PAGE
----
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23 February 2017Americas

SCOTUS declines Boston Scientific appeal in defibrillator dispute

The US Supreme Court has declined to review an appeal by Boston Scientific, which had been ordered to pay Maryland-based Mirowski Family Ventures $309 million in a patent dispute covering a defibrillator.

Boston Scientific, which lost a jury trial atMaryland’s Montgomery County Circuit Court in September 2014, had asked the Supreme Court to hear its appeal over technology owned by Mirowski.

It argued that the Maryland court made mistakes when applying patent law.

The dispute arose when Mirowski sued Boston Scientific, accusing it of not paying all the royalties it owed the company after Boston Scientific acquired Guidant Corp, which had licensed the patents from Mirowski.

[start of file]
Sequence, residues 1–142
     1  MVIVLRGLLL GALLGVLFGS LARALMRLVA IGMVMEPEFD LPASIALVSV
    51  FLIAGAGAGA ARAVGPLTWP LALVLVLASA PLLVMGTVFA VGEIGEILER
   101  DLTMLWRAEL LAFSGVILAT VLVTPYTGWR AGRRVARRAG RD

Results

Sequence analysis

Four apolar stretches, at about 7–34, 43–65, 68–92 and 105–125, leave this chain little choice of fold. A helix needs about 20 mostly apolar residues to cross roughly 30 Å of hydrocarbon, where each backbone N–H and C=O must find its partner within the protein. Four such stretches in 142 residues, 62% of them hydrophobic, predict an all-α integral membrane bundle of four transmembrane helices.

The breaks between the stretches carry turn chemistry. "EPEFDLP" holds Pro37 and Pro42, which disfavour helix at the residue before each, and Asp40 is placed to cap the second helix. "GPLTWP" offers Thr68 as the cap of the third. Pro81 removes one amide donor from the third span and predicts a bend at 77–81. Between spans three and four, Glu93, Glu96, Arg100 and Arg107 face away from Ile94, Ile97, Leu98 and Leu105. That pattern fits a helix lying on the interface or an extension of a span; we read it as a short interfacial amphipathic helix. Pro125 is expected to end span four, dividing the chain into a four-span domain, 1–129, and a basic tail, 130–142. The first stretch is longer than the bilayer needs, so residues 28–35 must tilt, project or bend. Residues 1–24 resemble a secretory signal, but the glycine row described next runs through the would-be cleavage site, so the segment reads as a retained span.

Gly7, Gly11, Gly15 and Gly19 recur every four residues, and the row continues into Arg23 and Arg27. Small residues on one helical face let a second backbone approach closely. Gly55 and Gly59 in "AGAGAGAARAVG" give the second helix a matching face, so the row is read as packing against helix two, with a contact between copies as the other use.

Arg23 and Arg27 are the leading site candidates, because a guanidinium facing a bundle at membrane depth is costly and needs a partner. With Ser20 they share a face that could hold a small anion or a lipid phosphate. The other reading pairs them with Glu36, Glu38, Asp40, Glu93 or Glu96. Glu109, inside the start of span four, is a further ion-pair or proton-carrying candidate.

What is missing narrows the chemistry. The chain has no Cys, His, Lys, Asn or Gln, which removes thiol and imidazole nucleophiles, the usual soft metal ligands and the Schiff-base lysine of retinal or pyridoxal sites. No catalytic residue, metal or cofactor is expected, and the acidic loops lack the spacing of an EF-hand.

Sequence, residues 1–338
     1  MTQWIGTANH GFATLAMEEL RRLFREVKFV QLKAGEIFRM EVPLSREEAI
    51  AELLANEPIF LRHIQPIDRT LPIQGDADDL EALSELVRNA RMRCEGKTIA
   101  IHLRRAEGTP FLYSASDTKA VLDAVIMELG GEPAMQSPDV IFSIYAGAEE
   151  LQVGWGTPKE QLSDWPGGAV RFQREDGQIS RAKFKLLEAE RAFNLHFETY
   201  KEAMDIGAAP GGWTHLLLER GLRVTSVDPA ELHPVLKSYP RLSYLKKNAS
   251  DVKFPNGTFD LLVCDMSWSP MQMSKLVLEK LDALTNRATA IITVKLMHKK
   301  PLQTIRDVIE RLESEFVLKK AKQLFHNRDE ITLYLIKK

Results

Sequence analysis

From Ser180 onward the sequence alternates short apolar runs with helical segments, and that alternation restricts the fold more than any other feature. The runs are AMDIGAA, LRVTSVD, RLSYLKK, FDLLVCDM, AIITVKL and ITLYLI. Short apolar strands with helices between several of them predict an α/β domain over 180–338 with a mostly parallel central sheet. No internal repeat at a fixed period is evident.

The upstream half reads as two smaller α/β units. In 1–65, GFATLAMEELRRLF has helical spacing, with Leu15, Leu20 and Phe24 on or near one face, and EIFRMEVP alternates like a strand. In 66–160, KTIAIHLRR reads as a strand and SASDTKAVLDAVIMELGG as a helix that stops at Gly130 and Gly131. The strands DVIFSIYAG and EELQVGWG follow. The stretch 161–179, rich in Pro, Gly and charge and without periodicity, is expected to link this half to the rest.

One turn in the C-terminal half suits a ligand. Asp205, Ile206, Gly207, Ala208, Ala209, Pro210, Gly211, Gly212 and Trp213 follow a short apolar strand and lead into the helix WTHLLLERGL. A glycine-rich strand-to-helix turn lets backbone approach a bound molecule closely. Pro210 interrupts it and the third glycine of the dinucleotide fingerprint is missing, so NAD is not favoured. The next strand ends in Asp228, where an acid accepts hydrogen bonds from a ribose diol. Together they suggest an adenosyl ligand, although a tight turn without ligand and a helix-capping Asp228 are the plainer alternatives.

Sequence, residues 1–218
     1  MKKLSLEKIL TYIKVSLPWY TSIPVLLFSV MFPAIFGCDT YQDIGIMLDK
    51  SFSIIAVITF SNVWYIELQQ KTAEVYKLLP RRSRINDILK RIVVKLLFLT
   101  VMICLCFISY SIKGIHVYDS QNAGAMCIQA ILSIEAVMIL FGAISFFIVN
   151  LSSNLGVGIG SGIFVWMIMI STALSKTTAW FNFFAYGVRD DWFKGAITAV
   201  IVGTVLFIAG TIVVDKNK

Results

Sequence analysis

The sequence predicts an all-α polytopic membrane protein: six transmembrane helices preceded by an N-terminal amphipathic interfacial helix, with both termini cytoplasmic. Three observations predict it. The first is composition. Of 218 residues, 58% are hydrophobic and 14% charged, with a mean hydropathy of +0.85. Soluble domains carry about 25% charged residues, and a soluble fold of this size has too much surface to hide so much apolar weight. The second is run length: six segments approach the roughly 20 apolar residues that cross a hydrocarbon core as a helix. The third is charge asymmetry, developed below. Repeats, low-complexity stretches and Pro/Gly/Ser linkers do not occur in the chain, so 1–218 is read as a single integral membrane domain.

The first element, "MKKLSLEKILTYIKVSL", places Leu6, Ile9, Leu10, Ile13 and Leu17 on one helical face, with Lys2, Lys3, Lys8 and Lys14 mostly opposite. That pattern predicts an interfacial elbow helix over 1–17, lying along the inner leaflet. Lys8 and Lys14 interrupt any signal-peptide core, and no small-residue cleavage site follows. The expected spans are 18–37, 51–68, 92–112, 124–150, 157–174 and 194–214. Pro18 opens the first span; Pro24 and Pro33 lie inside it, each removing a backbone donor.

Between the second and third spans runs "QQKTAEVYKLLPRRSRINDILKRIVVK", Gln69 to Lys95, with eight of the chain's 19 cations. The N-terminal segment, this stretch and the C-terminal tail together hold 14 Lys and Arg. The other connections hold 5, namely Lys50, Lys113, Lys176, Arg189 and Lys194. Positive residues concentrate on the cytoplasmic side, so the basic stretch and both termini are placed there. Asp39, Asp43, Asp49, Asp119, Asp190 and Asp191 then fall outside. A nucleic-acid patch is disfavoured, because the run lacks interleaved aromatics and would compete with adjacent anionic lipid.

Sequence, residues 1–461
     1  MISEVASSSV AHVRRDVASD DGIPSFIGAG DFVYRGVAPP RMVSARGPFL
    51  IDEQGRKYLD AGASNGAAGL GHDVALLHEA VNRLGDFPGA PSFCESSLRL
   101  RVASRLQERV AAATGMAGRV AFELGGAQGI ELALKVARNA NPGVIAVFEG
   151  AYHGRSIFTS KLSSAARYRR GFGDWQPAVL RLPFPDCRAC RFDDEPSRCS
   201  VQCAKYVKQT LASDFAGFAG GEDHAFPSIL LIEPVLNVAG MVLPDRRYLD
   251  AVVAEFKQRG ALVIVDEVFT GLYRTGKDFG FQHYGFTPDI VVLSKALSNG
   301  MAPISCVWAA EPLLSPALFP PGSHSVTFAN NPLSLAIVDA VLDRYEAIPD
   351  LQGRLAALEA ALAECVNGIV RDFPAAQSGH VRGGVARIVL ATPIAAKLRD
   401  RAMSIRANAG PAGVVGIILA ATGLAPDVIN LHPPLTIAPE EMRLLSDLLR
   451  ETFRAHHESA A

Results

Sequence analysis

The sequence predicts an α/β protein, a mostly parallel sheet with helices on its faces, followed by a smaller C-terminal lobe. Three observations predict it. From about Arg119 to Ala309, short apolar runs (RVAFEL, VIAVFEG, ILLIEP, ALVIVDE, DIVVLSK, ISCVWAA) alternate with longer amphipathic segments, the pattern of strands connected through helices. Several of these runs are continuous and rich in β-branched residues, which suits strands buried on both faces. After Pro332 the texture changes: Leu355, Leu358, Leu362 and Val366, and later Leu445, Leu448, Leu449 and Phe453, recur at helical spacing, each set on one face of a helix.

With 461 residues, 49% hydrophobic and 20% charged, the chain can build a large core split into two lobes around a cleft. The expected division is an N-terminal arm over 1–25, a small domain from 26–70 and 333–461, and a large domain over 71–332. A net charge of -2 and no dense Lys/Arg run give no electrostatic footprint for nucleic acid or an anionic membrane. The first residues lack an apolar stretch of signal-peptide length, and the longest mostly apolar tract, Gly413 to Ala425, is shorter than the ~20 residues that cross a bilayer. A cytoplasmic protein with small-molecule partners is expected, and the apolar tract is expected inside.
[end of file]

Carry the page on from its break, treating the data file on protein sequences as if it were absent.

Before asking the Supreme Court to hear its case, Boston Scientific also asked the Court of Special Appeals of Maryland to review the case, but it  affirmed the ruling of the circuit court.

The product in dispute, an implantable cardiac defibrillator, was developed by Michel Mirowski, who later further developed the cardiac equipment with “cardiac resynchronisation therapy”.

The inventions are covered by US patent numbers 4,407,288 and RE38,119.

Mirowski Family Ventures originally licensed the two patents exclusively to Guidant and was entitled to 3% royalty on sales.

However the circuit court had found that Boston Scientific owed royalties from 2002 to 2003, an also ordered the company to pay damages for breaching a licensing agreement.

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